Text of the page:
Don’t publish a blog – create a product story instead
How many times have you written a blog about a particular topic and inserted a link to a related product into that post?
Plenty would be our guess.
We’ve been there and done that. Sometimes, we still do that.
The problem with that tactic today is that there are so many other people creating the exact same type of content, that it’s difficult for your product to stand out in a crowd of similar blogs.
We have seen excellent blog posts, with really great engagement metrics, fail to drive a single click to the related product.
That doesn’t mean it was a bad post.
It just means that the audience for the post itself was not at the stage of clicking to find out more about the product.
This just means we have to think about our audience in a different way and create content for different stages of the funnel.
Blog posts are often at the very top of the funnel and are a great way to get your brand discovered. Providing valuable information that is indirectly (or directly) linked to your product is often a great way to get your brand discovered, however, more often than not, it doesn’t mean that people are going to head straight to your product page and make a purchase.
Instead, you are hoping that if they do ever require the products you sell, that the super-engaging piece of content you created will mean that they recall your brand and follow up with a product-related search or a direct visit to your website.
There are other ways to promote your products through your content platform, however.
Learning from Microsoft
The amazing team over at Contently recently published a great post that was the inspiration behind this post. Whilst they focus more on the PR angle rather than blogging, the principle is still the same.
In their article, they talk about a content piece by Microsoft entitled 88 Acres: How Microsoft Quietly Built the City of the Future. The content piece was actually written in 2014 and at the time, the team at Microsoft pitched the article, which is a story about how a group of employees were analysing sensory data to revolutionize the way the company used energy across its 500-acre campus, to a bunch of journalists.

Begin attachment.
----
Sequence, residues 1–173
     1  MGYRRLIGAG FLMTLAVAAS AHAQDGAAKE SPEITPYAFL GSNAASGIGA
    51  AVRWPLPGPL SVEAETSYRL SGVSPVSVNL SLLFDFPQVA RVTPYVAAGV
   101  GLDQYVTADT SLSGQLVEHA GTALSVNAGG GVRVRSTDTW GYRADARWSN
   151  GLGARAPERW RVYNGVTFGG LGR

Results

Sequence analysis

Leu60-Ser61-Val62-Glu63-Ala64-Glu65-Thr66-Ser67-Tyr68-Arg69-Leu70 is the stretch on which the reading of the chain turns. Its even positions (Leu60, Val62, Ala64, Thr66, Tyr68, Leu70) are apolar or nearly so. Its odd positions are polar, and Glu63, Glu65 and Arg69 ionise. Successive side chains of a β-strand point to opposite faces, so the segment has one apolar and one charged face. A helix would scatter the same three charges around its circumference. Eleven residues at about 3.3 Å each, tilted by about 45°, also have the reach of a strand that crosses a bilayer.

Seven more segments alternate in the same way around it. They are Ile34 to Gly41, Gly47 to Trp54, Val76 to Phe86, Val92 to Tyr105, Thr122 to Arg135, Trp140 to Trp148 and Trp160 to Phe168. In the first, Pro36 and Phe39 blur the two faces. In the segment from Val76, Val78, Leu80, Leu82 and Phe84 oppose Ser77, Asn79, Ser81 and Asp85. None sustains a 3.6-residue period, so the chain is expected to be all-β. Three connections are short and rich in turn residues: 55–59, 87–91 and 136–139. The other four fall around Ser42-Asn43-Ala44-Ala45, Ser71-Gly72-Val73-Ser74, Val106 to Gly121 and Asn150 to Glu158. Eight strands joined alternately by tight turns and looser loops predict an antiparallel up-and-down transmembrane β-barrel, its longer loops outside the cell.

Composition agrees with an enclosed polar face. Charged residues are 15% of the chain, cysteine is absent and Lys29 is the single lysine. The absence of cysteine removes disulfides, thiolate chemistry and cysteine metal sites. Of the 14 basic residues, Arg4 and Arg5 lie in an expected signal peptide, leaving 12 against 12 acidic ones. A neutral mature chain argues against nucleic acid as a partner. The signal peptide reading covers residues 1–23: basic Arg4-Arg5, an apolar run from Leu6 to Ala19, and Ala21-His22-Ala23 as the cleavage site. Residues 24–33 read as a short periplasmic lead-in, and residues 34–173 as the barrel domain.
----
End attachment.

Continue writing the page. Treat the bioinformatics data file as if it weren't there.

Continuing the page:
All of them passed.
Instead of filing the story away and writing it off as a failure, the communications team decided to cover the story themselves. Within 48 hours, over 800,000 people had read the article.
So, what makes it such a compelling piece of content and how can you replicate it?
Authenticity is the key
The first thing to note and something we are very aware of is that not every business has a budget like Microsoft to plough into content pieces. We get that.
That doesn’t mean you can’t learn from the method.
There are some things about the story, however, that can’t simply be replicated. This is a story about other people at Microsoft using the company’s products, and it didn’t come across as self-promotional.
You can’t just make that happen – it’s got to be real, and it’s got to come across as authentic.
Hopefully, you have a product or a service that your entire team is proud of. A product or service that they use or would be proud to use. Only then will you be able to showcase authenticity in your post so that’s the starting point right there.
Whilst you might not have a story as rich as 88 Acres, we would be willing to bet that you have staff working for you that love your product and could tell a very good story about how your product benefits them, either in their job or at home.
Your job is to find those people and extract the nuggets that form the basis of a great blog post. One that tells not only of the benefits of the products but of the trials and tribulations along the way.
Not everything has to be sugar-coated in marketing. In fact, most people like it when it isn’t.
Other examples of storytelling in action
The Contently article goes on to cite a few more examples of brands embracing this idea of using their own products to help them to tell a story.
One of our favourites (as it’s one of our favourite tools) is SEMrush. They continually use their own features to analyse their content and include this as part of their own blog.
Salesforce has lots of webinars that showcase how they use their own products.
Contently themselves have recently introduced a new feature whereby when you reach a specific part of their platform, a short tutorial pops up that explains how they themselves use a particular feature for their own marketing efforts.
These are all great stories and a great way of promoting your products by showing rather than telling. People love a story and it’s a much more engaging way of letting people find out more about your products and services.
So, next time you are planning out a blog, maybe take a different approach. Think about how you yourself might use a product or service offered by your company or go and find someone you know is passionate about the products and services and tell a story. Your story.